With only 2 weeks until Liveworks kicks off, we sat down with acclaimed choreographer Sue Healey to discuss the process behind developing her new experimental live-streamed work, Live Action Relay.
In creating Live Action Relay, what are you excited to explore in your practice that you have never tried before?
This work feels completely fresh to me. I have not considered making a live broadcast before, (perhaps because I am too much of a control freak?), preferring instead to have control of an edit suite when making a film, or to work within the theatre setting. This project definitely throws me in the deep end, but strange times demand stranger practices.
I will be calling the shots, as four moving cameras capture the dancers moving across a vast space of extreme terrain. It is edited and broadcast live, with music simultaneously being created by Ben Walsh, who will also be in situ, responding to my visual edit. The dancers will also be in an unusual situation - they won’t have their usual cue systems to rely on, they are separated from each other and must move across a space that is both grand in scale and difficulty. So, what you will see on your device is an immediate editing of the choreography and sonic response to this extraordinary landscape.
Although each element in this work is part of my usual practice—exploring a location in intense detail; choreographing dancers; framing the action through the lens of a camera; integrating sound; editing the moving image—this project feels like a massive experiment in how it all comes together and is witnessed.
So much could go wrong, but it will be exciting no matter what happens!
How do you hope your work Live Action Relay will bring people together across distance?
The fact that I can invite an audience from around the world, to witness a performance, is an incredibly freeing experience. The need for a theatre space and all its trappings, in a particular city or country, is transcended.
I devised the idea for this work during lockdown, desperate to think of a way that could keep me making, collaborating with other artists and showing work in spite of COVID. Lockdown made me realise just how intrinsic this is to my well-being. As a choreographer I must keep moving and finding ways to bring others into my work—and it is not enough to just make the work—the assembly of an audience to witness it, is a crucial part of the process. This work will bring the audience from wherever they may be into a stunning landscape in NSW and offer something that simply could not be done in a theatre.
How is this work challenging you to layer choreographies of movement, space and sound to create a live-shot but virtually-realised performance piece?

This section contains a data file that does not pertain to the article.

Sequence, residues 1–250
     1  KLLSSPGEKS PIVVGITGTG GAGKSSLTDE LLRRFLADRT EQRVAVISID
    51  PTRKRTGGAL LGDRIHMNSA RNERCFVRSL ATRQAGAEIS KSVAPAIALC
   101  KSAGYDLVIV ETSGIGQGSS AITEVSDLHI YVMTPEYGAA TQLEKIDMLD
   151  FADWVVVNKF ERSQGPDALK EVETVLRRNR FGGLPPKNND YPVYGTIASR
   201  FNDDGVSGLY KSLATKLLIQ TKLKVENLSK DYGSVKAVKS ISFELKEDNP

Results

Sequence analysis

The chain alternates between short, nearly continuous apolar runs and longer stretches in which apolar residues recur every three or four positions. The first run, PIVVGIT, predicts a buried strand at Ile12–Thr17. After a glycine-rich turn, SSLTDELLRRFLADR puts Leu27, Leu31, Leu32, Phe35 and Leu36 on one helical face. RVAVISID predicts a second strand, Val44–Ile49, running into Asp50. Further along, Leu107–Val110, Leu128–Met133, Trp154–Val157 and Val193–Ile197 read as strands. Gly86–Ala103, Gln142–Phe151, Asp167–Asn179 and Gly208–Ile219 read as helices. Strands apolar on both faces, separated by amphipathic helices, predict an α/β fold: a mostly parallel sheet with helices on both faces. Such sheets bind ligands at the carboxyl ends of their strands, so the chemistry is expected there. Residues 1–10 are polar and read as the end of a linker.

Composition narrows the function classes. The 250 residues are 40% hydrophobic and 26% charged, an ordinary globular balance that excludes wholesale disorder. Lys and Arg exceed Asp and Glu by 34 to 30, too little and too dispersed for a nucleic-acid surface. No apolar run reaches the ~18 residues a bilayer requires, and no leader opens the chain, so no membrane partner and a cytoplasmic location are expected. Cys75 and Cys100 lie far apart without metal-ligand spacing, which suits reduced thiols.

The act of editing a film is for me, a very private experience—involving many hours of solitude with my computer before revealing it to anyone. However with this project, I have to rely on split second decision-making with no going back and no ability to finetune, as we broadcast live. This makes for high stakes delivery, but the excitement is in the unpredictability and the energy of on the spot decision-making.
I have an amazing team of collaborators (cinematographers, dancers and technicians) who will help me facilitate this. We will be utterly dependant on technology to enable this process to run smoothly and I will have to pray to the weather gods for sun not rain, but it is a very exciting puzzle to solve.
I hope that the location and our attention to it, will give the audience a chance to reflect on the importance of liveness and offer an extraordinary way of seeing the moving body in a landscape.
What kind of perspectives on dance can filming from a drone open up, that might not be possible in a more conventional live performance experience?
The drone dramatically extends and alters our perceptions of space. As technology improves so does the potential to reveal movement in extraordinary spaces and from perspectives that are usually beyond our reach. I don’t use a drone as a visual gimmick, but rather to push me into new choreographic territory. I am able to play with scale, both intimate and expansive, with 360 degrees of mobility around the dancer, in ways that are simply impossible in a theatre with a static audience.
These are things that drive me choreographically and the sky is the limit when you have the dexterity of a drone camera (and a highly skilled pilot). I have made four films with drone pilot/cinematographer Ken Butti, which has prepared us for the challenges of this project. It is definitely an experiment, but one that I am sure I will revisit.
Don't miss Live Action Relay by Sue Healey, online at LIVE ON-THE-LINE, Friday 23 October at Liveworks.